Julien reads ‘The Owl and the Pussy Cat’ to Nicholas while Zoe and I clear the decks and I have to explain to him why he cannot find all of the words in his French/English dictionary. Very strange, English people, he comments, after I have returned to the opened door kitchen.
With the children asleep and a glass of wine in our hands, we discover a common link in Uganda. I worked for a summer out in Uganda three years ago and have raised money for Bungokho Rural Development Centre ever since. Julien, it transpires, with his family, is about to embark on a three year stint in Uganda as an operations manager for Total. We spend the evening pawing over a map of Uganda and photographs of the same discussing why, with its troubled history in the 70s, Uganda is now such a great place to invest time, money and care in because the people understand the importance of (and continue to vote for) stability. I tell them of the rich family culture in Uganda and the warmth of the welcome you receive wherever you go, of the work ethic and the entrepreneurial spirit of self-help and micro-business groups and we share an understanding of a rapidly developing economic country in a very grass roots and human way.
We retire for the night as newfound friends.
Sunday 26th May
I awake to the sound of my door being pushed slowly over the carpet in stealthy stages. I open one eye and spy two smiling boys’ faces poking around the side.
‘Bon jour,’ I say and they giggle, retreating back noisily to their mother upstairs.
I’m not sure why (perhaps owing to our family’s love of pain au chocolat) but without thinking, I have prepared for and bought a typically French breakfast. With hot chocolate in large mugs, croissants, pain au chocolat, homemade jam (which they are mad over) brioche and more besides, Julien declares it a breakfast fit for a king. A French king, of course. We giggle. Why hadn’t I thought of an English breakfast? Silly me. Oh well, next time.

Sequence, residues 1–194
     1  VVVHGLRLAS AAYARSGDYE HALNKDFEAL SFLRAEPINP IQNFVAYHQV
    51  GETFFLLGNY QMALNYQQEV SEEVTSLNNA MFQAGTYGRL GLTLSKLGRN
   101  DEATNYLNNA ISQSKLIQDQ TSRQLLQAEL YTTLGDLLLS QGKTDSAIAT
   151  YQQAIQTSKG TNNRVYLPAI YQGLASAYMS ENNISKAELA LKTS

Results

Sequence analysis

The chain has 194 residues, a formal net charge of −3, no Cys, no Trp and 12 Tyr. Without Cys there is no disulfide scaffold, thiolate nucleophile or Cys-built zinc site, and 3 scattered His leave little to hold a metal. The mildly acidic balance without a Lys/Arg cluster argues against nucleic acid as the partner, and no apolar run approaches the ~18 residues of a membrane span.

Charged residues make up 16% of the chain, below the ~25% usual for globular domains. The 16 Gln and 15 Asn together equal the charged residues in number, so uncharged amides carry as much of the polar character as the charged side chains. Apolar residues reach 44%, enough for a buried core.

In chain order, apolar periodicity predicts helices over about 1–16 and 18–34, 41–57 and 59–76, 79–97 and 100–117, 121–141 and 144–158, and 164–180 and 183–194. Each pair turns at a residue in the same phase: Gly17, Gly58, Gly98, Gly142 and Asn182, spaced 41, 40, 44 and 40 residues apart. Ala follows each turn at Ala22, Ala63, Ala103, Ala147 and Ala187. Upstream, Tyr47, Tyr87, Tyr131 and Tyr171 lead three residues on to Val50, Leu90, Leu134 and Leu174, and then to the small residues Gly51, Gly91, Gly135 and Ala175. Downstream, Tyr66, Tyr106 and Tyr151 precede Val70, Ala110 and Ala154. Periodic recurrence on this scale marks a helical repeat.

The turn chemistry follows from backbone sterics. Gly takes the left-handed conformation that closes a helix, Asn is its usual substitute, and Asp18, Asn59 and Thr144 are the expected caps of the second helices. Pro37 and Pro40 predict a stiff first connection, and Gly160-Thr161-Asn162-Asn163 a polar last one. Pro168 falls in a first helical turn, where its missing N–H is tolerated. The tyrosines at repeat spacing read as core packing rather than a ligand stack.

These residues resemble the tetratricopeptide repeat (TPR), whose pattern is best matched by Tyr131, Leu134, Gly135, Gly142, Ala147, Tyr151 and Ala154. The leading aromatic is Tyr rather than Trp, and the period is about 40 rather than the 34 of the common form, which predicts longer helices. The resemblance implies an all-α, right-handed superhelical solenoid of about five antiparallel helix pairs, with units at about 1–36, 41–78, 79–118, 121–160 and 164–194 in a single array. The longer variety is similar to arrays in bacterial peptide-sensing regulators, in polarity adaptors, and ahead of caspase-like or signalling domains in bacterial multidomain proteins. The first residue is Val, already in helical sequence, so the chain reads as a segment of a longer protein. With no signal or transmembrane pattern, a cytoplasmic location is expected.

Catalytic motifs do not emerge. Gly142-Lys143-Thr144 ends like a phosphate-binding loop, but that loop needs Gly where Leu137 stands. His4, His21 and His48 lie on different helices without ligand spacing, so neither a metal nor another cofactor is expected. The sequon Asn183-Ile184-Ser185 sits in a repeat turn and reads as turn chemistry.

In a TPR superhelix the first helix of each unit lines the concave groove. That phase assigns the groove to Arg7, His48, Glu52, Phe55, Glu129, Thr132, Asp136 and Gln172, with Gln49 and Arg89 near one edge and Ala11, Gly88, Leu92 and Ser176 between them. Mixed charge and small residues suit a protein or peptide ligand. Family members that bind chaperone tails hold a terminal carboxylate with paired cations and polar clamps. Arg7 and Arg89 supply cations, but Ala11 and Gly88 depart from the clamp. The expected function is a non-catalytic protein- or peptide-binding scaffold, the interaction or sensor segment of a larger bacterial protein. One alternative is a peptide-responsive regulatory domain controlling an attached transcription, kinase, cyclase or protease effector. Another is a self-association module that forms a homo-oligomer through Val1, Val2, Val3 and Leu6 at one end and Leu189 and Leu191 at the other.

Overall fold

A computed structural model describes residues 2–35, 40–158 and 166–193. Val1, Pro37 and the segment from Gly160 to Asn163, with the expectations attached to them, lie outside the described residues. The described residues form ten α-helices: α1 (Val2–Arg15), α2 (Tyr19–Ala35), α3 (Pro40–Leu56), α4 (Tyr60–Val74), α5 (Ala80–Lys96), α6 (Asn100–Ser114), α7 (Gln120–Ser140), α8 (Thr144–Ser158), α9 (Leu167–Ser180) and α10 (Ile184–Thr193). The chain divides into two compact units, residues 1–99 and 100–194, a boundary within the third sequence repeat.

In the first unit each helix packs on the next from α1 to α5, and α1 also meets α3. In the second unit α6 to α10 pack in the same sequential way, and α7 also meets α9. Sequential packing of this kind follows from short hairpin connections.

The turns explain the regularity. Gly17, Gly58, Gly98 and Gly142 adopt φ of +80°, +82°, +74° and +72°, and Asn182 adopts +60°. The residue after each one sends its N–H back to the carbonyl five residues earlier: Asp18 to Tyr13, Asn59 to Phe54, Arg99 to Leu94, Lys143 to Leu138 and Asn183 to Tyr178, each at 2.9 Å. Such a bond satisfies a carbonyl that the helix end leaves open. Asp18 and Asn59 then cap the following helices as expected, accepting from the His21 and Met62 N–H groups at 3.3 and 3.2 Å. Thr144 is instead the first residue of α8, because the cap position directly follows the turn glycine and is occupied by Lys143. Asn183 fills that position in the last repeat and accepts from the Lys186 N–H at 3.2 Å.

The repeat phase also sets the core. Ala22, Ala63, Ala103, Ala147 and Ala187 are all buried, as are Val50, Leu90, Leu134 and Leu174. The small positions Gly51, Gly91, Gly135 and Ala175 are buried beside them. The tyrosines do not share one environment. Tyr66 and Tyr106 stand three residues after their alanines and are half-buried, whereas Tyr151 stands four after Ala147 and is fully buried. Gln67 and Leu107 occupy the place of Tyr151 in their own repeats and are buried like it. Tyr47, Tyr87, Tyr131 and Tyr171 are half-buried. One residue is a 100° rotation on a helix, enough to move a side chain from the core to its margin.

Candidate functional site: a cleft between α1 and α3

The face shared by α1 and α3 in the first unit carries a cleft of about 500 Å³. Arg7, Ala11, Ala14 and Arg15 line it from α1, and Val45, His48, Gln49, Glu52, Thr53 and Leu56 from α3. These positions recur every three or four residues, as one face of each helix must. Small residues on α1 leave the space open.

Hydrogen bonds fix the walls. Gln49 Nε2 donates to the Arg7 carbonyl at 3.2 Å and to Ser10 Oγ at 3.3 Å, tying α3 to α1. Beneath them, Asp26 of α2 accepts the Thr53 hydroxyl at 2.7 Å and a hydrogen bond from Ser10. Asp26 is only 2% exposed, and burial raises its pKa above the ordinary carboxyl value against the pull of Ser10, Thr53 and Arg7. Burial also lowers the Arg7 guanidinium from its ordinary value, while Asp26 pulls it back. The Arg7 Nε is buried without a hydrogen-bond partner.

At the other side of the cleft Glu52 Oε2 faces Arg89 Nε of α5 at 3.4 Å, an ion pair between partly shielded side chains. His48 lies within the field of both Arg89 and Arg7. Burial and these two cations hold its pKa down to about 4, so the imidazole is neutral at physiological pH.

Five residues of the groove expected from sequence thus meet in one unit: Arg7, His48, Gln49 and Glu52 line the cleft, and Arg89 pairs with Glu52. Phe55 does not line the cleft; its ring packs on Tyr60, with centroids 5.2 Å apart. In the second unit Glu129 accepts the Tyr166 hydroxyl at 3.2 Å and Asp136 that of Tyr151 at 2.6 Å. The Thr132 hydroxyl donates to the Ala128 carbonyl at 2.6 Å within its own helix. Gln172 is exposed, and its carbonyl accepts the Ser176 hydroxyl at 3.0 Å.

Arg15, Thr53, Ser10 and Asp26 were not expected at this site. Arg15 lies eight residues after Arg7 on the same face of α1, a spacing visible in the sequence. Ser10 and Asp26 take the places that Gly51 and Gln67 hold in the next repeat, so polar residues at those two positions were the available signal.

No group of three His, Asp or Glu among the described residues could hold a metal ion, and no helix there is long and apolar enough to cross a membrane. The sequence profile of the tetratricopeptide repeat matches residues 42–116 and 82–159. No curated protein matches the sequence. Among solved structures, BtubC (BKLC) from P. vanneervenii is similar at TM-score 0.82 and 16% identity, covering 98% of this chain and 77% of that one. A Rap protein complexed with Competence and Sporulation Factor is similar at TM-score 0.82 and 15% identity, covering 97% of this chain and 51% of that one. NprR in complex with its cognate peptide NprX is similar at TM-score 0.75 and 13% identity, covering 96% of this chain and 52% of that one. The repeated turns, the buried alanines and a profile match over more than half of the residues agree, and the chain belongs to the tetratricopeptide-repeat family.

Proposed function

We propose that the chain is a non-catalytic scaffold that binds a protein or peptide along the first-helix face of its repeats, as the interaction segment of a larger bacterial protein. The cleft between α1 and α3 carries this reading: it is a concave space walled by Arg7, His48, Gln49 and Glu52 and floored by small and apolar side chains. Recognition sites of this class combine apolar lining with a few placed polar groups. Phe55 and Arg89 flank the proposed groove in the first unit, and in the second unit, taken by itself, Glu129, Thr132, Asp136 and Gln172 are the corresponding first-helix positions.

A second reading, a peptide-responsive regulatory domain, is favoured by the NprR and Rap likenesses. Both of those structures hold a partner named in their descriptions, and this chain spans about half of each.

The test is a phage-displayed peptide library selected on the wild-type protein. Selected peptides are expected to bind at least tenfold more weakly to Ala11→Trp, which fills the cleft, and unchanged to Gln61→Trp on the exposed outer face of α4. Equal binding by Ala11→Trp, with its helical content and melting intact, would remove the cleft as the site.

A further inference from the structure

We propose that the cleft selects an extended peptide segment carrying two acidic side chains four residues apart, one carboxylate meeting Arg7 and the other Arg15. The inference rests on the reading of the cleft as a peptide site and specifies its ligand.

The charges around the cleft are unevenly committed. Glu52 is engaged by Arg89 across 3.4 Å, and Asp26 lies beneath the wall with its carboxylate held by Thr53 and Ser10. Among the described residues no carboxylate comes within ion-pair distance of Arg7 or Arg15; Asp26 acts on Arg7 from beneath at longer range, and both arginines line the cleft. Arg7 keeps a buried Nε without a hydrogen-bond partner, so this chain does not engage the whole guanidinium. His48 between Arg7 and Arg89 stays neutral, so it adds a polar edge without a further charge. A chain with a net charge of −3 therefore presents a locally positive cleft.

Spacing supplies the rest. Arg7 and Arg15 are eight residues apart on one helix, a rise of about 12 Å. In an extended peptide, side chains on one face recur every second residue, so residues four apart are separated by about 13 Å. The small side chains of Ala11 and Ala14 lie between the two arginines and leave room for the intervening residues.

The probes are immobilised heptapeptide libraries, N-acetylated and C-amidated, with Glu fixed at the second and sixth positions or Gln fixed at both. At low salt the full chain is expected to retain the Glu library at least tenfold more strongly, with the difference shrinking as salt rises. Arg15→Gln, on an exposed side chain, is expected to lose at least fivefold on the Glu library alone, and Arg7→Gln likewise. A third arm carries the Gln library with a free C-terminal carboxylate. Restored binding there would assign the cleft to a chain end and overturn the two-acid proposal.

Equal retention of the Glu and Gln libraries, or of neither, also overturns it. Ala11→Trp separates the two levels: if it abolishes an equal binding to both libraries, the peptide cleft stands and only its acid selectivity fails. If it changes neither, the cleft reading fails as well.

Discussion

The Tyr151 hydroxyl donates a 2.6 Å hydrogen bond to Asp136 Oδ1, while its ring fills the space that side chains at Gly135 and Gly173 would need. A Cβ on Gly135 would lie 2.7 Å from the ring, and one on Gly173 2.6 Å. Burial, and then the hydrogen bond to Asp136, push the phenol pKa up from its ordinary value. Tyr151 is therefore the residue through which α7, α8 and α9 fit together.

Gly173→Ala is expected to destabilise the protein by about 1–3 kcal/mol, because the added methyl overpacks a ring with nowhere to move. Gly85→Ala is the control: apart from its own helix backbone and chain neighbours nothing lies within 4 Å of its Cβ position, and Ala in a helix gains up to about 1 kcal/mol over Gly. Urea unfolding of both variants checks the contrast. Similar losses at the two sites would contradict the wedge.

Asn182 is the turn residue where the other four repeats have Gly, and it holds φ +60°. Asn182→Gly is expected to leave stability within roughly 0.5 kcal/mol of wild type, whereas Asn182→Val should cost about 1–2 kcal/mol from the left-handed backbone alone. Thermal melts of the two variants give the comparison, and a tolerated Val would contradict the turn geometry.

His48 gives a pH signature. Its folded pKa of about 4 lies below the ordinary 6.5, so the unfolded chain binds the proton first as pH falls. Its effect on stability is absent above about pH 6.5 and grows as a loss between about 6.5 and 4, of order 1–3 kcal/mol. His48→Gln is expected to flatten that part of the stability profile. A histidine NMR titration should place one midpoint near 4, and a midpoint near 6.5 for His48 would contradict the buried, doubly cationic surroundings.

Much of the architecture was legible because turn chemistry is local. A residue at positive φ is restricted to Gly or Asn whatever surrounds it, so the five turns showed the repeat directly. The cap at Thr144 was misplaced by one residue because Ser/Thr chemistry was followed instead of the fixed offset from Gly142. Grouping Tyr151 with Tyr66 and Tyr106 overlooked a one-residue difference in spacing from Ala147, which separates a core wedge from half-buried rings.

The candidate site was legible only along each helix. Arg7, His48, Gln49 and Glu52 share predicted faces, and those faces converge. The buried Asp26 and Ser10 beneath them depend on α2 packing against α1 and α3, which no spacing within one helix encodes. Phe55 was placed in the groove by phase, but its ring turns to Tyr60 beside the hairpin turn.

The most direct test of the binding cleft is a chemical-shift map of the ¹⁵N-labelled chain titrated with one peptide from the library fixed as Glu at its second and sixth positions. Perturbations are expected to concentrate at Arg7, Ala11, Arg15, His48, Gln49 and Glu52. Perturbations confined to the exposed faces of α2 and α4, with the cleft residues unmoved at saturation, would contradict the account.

We take a stroll around the village in the morning sun and the children play on the village field, while I explain a little of the history of Henry VIII to Julien and Sophie, as we are headed for Anne of Cleves House for the afternoon.
Lewes is bathed in sunlight as the children delight in grinding down herbs using pestles in mortars, dressing up in Tudor clothes, playing in the gardens and wondering at the smell dubious blind guesses at Anne of Cleves House before we head off for afternoon tea in the Grange Gardens. The weather is idyllic and Sophie insists on photographs of herself and her English hosts taking afternoon tea and cakes in the garden of an historic English Grange.
The children play and chase squirrels. We talk comfortably, my memory of French having quite wonderfully re-established itself by this time, beyond my belief. Memory is a funny thing. Julien teases. His wife tells me to take no notice, declaring that she never has. There is a sense of easy peace.
Reluctantly, for the French spring has been disappointing also, we drag ourselves away from the gardens’ sun in order to prepare for the main Twinning Association Supper in the village hall.
We are not, however, disappointed. The food and the company are excellent, firm friends more acquainted with each other than we are, are in evidence all around us and in lieu of the fact that they will be in Uganda by the time of the return visit to Juziers next spring, we are invited to spend a weekend with the Viguiers in August.
We retire for the night as firm friends.
Monday 27th May
Being English, I shall not dwell on the fond and, oh so affectionate farewells of the morning or the length of their duration, not at all. Nor shall I comment in the slightest that they are of any great length; suffice to say, that Julien, Sophie and I all notice that all the gathered company of twinning friends and families appear to have enjoyed their weekends very well indeed.
The weekend has been set, I am about to book the tickets from Portsmouth to Le Havre, where Julien will kindly pick us up (as I am not confident enough to drive in France). After that, there is talk of meeting up in Kampala. Who knows where a twinning will take you? Or the richness in friendship it may bring?